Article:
Agost's Blog

iCloud Keychain Security

April 24, 2022

Apple claims that iCloud Keychain items are end-to-end encrypted, but recoverable with an Apple ID and device passcode even if all devices are lost. The official Apple support documents don’t explain well how this is possible, so I’ve dug in to resolve this seeming contradiction.

The short answer is that secrets stored in iCloud Keychain are end-to-end encrypted, albeit with a low entropy key derived from the user’s device passcode. Apple strengthens the device passcode by limiting the number of passcode tries it allows to recover iCloud Keychain items with hardware security modules (HSM) in their data centers according to their security manual. It’s irrational for iOS users to treat Apple as an adversary, so this leaves open the possibility of HSM compromise1 or an undisclosed law enforcement backdoor as a threat to users’ iCloud Keychain items. It’s up to each user should decide on their own if these are acceptable risks.

A more detailed description of iCloud Keychain Security follows.

Definitions

Secure Enclave: Hardware security module in iOS devices which protects from kernel compromise.

UID: Root cryptographic key unique to each device stored in the Secure Enclave. There are guarantees in place to prevent access during manufacturing.

Passcode: Minimum 4 digit, by default 6 digit numeric or arbitrary length alphanumeric code for a device set by the user.

Keychain: Stores secret values on the device which are encrypted with a key in the Secure Enclave. When the local keychain is backed up by iCloud Backup, it is protected with a UID-derived key, so that it can be only restored on the device from which it originated.

iCloud Keychain Sync

The iCloud Keychain service syncs local keychain items marked for syncing within a ring of trust devices with end-to-end encryption. The ring of trust is created when adding a second device to an Apple ID by key exchange and iCloud password verification. Additional devices can be added to the ring of trust as long as there is access to at least one device already in the ring by approving them on that device.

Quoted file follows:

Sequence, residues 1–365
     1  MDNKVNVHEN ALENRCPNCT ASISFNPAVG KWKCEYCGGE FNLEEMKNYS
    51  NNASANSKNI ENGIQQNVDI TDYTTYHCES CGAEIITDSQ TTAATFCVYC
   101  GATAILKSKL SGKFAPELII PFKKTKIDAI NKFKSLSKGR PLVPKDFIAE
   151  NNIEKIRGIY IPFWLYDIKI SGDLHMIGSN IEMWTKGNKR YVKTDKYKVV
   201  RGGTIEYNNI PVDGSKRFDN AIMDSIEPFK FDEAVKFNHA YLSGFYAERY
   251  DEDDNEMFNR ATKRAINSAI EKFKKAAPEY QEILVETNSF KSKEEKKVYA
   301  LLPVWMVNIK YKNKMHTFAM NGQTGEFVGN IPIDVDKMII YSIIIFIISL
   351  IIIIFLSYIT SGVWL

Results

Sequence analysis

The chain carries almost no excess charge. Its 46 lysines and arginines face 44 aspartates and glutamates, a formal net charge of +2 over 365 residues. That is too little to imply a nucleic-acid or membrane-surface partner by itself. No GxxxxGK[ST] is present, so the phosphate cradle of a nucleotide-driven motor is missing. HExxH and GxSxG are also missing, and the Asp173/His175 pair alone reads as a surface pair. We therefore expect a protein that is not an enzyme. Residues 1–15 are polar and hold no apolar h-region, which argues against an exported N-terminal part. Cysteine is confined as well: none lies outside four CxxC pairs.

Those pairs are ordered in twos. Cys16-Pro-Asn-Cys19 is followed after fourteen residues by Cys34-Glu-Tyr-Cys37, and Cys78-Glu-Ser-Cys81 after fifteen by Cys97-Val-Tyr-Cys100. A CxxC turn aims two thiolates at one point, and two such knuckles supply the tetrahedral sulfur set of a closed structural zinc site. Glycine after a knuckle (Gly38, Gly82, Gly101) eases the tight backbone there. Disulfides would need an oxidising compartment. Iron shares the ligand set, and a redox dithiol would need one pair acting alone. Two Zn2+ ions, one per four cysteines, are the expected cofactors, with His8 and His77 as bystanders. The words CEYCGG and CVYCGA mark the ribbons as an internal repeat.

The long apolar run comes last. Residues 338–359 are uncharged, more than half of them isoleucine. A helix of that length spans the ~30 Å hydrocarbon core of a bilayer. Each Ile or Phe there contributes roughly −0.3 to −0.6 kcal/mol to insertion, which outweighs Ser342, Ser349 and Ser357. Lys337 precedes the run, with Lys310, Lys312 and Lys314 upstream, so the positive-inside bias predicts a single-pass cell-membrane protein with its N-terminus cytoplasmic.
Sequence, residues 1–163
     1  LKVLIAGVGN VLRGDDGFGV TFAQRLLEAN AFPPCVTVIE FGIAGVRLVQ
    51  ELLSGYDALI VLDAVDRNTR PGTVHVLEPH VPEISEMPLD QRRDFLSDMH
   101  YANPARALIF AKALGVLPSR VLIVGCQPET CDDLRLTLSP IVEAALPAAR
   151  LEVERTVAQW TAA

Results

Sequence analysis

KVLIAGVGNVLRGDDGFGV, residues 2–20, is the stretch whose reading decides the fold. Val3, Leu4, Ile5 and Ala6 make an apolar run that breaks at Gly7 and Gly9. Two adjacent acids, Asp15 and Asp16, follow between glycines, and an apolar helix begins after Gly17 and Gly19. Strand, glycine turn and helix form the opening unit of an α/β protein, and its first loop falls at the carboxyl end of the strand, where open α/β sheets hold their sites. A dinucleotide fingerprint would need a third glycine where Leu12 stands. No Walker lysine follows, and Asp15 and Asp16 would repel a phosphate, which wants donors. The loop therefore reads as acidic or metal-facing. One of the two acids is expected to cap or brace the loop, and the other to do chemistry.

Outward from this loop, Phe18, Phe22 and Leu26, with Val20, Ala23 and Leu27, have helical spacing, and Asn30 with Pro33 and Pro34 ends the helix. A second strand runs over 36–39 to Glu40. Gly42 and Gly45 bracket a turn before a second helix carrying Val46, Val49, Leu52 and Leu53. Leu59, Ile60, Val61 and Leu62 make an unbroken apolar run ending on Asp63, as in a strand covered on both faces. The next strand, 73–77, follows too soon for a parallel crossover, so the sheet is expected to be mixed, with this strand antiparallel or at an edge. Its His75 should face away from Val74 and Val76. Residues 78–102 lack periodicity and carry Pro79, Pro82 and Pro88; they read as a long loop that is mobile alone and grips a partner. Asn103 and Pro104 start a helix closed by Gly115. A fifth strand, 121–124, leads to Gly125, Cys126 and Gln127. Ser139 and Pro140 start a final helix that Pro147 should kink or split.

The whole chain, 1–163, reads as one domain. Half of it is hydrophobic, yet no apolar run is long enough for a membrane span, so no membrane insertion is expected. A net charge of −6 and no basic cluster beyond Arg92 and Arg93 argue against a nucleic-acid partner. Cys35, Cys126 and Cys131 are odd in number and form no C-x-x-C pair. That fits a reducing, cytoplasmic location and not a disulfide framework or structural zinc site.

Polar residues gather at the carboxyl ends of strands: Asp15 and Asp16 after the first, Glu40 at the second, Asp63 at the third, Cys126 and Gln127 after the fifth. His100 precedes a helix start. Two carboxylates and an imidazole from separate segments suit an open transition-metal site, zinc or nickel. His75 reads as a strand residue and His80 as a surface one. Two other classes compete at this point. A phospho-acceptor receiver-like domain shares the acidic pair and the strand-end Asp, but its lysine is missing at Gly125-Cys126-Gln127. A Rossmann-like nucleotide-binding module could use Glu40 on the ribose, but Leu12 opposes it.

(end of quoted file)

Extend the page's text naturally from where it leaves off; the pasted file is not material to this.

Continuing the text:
iCloud Keychain Recovery

Apple stores an iCloud Keychain backup in iCloud escrow so in case all ring of trust devices are lost, recovery of iCloud Keychain items is still possible as long as the user remembers at least one device passcode from the ring of trust devices and can sign in with their Apple ID. In case the user can’t sign in with their Apple ID, there is a time-gated account recovery process through Apple support where users have to provide certain proofs of identity, but recovering a device passcode is not possible.

The backup process is as follows:

  1. Generate a strong random escrow key on the device.
  2. Encrypt iCloud Keychain secrets with the escrow key and upload to iCloud.
  3. Wrap escrow key with KDF-derived key from the device passcode.
  4. Wrapped key from step 3 is encrypted with RSA-2048 public key of a hardware-security module (HSM) in the Cloud Key Vault. (Devices hardcode CA certificates of the Cloud Key Vault.)
  5. Wrapped key from step 4 is sent to iCloud for storage.

The recovery process is as follows:

  1. User logs in with Apple ID + SMS 2FA on a new device.
  2. A previous ring of trust device passcode is verified by the Cloud Key Vault HSM with the embedded Secure Remote Password (SRP) protocol (ie. passcode is not sent to Apple). The remote HSM only allows 10 tries to verify the passcode (six digit random passcode is long enough for 10 tries).
  3. If successful, the HSM decrypts the wrapped escrow key from step 4 of the backup process and sends it to the user’s device.
  4. The wrapped escrow key from step 3 of the backup process is decrypted using the passcode from step 2 of the recovery process and the device now has the escrow key which can be used to decrypt an iCloud Keychain escrow bag from iCloud.

The keys to reprogram HSMs are destroyed by Apple.

Sources

Apple Platform Security Manual, May 2021

Behind the Scenes with iOS Security. Presentation by Ivan Krstić, Head of Security Engineering and Architecture at Apple. Black Hat 2016.


1 Users can protect against certain HSM vulnerabilities like bypassing the maximum try limit by choosing stronger device passcodes than the default 6 digits.